Successful Operation, But Patient Dead ?

Berkeley Daily Planet

Successful Operation, But Patient Dead: By EVE PELL
Pacific News Service (11-19-04)

With the help of tens of thousands of people like me, the Democrats and 527 Democrat-leaning organizations achieved their goals on Nov. 2: high voter turnout, millions of doorbells rung, a huge and enthusiastic army mobilized to defeat the president. Yet, as an old adage goes, “The operation was a success, but the patient died.”

What, if anything, did our highly publicized efforts accomplish? I’ve been reflecting on my experience since the results came in."

Despite the Democrat and nonpartisan superiority in numbers, the Republicans had the organizing edge. They had arranged for two certified poll watchers to be stationed inside the polling place, equipped with clickers so they could keep a running count of voters and lists of first-time voters, who could be challenged if they failed to present proper identification. Democrats had neither certified poll watchers nor lists of first-time voters, nor a running vote count.

For the most part, voting proceeded uneventfully. Rarely did anyone have to wait more than a few minutes. On the few occasions when a prospective voter had a problem—name not on the list, no ID, etc.—the person was instantly surrounded by six or eight volunteers desperately eager to set things right. I thought to myself, “We may be the most intimidating bunch here, swamping the very people we are trying to help.”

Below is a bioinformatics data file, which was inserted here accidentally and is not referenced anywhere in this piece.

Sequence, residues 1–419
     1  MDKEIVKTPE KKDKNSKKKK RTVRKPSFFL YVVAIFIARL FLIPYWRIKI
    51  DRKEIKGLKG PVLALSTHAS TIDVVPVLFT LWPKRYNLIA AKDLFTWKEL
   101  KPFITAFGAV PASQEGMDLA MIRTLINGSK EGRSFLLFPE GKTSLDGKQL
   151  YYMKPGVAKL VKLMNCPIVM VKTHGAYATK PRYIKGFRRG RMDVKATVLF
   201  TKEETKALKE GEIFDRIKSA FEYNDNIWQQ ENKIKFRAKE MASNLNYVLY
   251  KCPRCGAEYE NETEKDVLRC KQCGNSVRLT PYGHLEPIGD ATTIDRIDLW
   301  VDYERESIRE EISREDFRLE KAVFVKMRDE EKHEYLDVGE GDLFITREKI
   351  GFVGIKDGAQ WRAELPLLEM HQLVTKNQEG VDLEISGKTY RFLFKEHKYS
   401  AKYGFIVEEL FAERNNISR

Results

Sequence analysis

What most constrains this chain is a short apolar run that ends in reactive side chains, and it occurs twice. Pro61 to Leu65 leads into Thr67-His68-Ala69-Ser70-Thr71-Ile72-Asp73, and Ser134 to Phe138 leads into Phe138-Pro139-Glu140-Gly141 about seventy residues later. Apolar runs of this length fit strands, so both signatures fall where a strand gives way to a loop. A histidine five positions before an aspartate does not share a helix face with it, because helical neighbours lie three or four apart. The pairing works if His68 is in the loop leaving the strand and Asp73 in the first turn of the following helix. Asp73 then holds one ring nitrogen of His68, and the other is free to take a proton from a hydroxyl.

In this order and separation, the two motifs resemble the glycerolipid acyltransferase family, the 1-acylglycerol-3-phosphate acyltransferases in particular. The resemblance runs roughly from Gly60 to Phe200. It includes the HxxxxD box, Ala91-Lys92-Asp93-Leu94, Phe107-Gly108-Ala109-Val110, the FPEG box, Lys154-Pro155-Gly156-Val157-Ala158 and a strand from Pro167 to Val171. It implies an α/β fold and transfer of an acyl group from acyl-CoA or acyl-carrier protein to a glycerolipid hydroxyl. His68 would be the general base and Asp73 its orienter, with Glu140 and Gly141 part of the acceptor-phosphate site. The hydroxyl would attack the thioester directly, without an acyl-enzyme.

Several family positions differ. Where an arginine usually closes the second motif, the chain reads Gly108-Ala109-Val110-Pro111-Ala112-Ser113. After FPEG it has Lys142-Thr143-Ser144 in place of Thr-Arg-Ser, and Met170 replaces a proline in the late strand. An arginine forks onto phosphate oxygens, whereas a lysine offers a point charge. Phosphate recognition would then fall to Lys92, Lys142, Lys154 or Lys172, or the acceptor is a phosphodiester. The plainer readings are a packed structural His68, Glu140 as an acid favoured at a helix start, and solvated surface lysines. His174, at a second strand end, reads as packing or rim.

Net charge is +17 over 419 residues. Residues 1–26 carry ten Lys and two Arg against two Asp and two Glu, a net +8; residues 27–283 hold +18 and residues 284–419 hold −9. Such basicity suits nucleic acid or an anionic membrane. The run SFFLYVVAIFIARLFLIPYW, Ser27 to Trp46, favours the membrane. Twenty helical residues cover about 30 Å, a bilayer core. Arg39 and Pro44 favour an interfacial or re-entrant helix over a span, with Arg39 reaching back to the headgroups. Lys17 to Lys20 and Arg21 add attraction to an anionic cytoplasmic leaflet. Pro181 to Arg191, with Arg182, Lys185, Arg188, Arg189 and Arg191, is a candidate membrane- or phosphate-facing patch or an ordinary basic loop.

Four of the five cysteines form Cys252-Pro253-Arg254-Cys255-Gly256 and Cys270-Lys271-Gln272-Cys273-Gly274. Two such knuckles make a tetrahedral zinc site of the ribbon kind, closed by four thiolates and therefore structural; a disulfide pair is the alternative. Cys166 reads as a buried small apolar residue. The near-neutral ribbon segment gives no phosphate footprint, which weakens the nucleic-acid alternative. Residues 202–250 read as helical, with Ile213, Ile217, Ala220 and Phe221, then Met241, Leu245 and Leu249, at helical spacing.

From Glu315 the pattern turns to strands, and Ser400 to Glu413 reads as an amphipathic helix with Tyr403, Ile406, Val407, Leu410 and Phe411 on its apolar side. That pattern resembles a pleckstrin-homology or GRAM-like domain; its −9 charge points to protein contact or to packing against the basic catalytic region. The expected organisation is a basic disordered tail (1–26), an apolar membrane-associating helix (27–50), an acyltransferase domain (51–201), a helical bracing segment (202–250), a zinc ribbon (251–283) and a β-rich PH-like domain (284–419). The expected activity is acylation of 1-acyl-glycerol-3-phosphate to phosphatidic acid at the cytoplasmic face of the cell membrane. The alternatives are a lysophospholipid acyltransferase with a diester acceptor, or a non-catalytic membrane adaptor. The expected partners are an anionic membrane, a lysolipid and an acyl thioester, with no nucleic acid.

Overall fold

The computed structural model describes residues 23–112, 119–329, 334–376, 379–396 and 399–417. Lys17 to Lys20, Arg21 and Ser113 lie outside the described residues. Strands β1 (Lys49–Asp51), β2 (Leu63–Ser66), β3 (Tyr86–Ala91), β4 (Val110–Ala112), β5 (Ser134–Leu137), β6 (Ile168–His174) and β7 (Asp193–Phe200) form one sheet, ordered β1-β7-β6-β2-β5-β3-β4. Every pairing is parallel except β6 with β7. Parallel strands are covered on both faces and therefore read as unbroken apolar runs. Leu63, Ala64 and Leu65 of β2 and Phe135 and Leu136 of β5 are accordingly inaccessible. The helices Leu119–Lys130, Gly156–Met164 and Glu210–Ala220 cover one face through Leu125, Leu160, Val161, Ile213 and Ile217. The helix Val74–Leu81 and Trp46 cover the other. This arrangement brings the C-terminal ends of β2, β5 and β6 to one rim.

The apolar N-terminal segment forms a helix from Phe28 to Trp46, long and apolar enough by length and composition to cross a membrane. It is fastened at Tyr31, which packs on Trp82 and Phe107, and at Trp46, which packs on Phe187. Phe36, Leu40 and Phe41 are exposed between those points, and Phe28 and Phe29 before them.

The day passed slowly. In mid-afternoon a garbage truck lumbered by, a large worker hanging on at the back. As it passed, he shouted, “Bush goin’ kill us all!”

At the end of the day, we said our goodbyes and went home.

I ended up feeling that a vast amount of money and volunteer time had been expended, for minimal results. Those three black ladies at our polling place had the situation well in hand; they knew their community, and they were far more effective than the dozen or so outsiders who, for a day, stood around on the sidewalk with clipboards and cell phones and very, very little to do.

Participating in Campaign 2004 gave me the satisfaction of working with others on an important mission. But that glow was short-lived, as the reality of the election results soon smacked me in the face. Looking back, I feel that I was part of a venture that was well-intentioned and somehow off the mark—a foot soldier following leaders whose battle plans turned out to be defective.


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